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One Way To: Backup a PSQL Database to AWS S3 Using Linux cron or Kubernetes CronJob


The argument for spending time setting up database backups is similar to that of paying for insurance. It seems like a waste at the outset, and it is easy to put off, however, when things go wrong, you will wish you had it.

This article describes a way to set up scheduled rotating encrypted backups of a PostgreSQL database to AWS S3, in two typical deployment environments:

  • a virtual machine scheduled using Linux cron
  • a Kubernetes cluster scheduled using CronJob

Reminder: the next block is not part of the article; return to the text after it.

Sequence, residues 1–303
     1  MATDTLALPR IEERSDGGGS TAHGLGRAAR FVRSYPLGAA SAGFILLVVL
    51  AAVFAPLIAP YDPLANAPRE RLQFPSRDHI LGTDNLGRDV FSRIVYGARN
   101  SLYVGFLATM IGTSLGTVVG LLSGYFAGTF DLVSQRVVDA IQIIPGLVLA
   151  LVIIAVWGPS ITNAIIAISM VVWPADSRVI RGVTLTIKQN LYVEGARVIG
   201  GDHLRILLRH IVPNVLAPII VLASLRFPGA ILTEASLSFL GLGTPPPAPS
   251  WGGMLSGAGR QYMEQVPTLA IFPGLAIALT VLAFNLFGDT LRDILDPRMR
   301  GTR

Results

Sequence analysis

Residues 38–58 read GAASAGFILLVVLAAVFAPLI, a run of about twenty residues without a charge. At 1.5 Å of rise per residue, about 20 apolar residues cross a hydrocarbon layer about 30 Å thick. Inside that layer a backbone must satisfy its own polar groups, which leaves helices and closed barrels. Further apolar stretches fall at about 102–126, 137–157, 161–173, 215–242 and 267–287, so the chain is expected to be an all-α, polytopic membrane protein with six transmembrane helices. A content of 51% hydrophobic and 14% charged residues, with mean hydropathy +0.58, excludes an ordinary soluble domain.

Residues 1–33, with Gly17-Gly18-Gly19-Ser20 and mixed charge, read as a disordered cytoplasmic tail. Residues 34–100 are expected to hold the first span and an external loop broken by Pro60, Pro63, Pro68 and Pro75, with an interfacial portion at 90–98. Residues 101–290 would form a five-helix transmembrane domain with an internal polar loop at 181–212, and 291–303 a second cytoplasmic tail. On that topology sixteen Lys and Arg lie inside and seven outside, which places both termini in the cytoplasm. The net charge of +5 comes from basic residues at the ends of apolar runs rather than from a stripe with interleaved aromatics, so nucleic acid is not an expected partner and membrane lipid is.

You can find a GitHub repository containing the script and template environment variables and Kubernetes config here: cpcwood/psql-backup-s3

Backup Strategy

A database backup and restore strategy should meet a few criteria:

  • Separate remote storage - One of the main reasons for database backups is the mitigation of media failure, natural disaster, and user error. It tends to be challenging and costly to recover data in these circumstances, so backups must be kept off-site in a backup destination with reliable storage. A common cloud backup destination is Amazon's AWS S3 service.
  • Automation - Backups should be made automatically and on regular intervals. Most systems have a built-in job scheduler such as Linux's cron and Kubernetes' CronJob.